Tulle dresses, Fair Isle cardigans and leopard print make for an authentic collection at Molly Goddard
Molly Goddard’s first ever show was a DIY affair. Fresh out of St. Martins, she hired a church hall, threw a party, got her friends to model and invited some press. Her goal was simply to get a job. That, you’ll know by now, didn’t go to plan. Orders from retailers promptly followed. She had accidentally started her own brand, one which is today a very London label with major global clout.
It was those early days Goddard was thinking about for AW23, which she started working on in the St. Martins library. ‘Being back at the school I left in 2012 made me think about what I was trying to achieve when I started my brand,’ she says. ‘It was a time when working in fashion, to me, involved making clothes on my own and trying to get stockists. Now, working in fashion involves many things I wasn’t expecting—events, award ceremonies, promotion, social media—it was nice to think about the simplicity of when I started and the passion that spurred on the work at the beginning’.
Returning to her origins story, Goddard decamped from the spacious Seymour Leisure Centre where she usually shows, to her own studio in east London. The intimacy of that functional space provided the perfect setting for a triumphant collection that wasn’t about ‘drama or optics, but wearability and the joy of dressing’.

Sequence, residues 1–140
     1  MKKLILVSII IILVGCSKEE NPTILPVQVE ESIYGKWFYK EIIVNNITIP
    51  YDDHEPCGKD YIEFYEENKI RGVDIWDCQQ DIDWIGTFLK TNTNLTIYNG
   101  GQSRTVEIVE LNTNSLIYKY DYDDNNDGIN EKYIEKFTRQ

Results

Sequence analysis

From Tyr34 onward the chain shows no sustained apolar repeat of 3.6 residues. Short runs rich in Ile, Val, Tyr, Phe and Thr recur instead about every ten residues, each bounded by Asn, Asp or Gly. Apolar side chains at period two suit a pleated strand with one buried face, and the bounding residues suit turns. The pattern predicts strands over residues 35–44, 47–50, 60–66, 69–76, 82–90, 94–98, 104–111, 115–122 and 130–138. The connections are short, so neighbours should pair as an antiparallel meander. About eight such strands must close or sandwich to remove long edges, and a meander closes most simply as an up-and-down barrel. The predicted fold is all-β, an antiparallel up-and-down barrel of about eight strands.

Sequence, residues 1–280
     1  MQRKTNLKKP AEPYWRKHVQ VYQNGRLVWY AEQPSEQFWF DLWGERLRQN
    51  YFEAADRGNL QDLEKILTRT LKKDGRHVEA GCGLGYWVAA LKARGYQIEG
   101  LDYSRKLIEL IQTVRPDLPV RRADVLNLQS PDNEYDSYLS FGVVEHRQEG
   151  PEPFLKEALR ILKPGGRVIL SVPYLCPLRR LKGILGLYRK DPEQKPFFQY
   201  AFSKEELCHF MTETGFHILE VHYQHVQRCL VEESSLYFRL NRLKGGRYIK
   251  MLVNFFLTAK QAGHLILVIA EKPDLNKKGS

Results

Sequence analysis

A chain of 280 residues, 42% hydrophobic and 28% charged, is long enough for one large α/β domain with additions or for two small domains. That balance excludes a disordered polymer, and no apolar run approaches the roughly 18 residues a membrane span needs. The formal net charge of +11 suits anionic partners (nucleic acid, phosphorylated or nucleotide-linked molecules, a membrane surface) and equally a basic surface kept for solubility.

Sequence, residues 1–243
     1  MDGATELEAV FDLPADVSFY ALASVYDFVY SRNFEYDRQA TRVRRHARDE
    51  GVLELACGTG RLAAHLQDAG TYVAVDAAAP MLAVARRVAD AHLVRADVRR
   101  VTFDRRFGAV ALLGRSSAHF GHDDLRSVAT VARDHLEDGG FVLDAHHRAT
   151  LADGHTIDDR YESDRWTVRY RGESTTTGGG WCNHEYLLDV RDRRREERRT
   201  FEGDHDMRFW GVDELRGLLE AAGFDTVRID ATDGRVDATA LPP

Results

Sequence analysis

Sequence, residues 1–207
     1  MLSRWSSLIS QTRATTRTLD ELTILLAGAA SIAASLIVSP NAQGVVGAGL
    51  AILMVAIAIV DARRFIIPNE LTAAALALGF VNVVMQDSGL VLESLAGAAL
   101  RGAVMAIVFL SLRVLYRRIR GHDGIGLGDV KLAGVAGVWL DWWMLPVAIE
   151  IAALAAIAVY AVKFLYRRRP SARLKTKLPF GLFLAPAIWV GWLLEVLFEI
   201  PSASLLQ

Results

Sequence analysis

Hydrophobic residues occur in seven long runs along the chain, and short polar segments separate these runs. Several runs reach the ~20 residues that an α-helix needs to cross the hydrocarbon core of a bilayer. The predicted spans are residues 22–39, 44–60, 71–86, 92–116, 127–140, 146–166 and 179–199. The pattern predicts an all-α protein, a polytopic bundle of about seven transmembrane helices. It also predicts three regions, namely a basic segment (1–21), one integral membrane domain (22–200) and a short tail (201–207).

When she wants, Goddard can do optics supremely well. Her explosive tulle dresses are major wow pieces, so much so that the rest of her rounded collections – the great knits, the cute tops, the cool-girl shoes – can sometimes find themselves erroneously overlooked.
This season, she dialled it right back into a quieter proposition, one she wanted to feel ‘nostalgic, familiar, grown up, wearable, streamlined’. Nostalgia meant picking from a buffet of references, from the looks she had coveted in fashion magazines to the ones she had actually worn as a kid in west London (leopard print, for instance, a nod to the jeans she’d bought from Gap Kids). Her own archive too was an inspiration, with ideas refined and reworked.
Everything had an instinctive frankness to it. There was authenticity, warmth and ease in the proposition: the neat little cardis with ribbon trimmed skirts, the dove grey dresses with flat boots and an Argyle knit thrown over the crook of the arm, the mannish overcoats sitting atop pretty dresses.
For the die-hard Goddardites, tulle was given a lo-fi spin, spliced into dresses or in narrower silhouettes. That didn’t diminish their power to wow. This was a Goddard acoustic gig. And in acoustic mode, her headliner star quality was only amplified.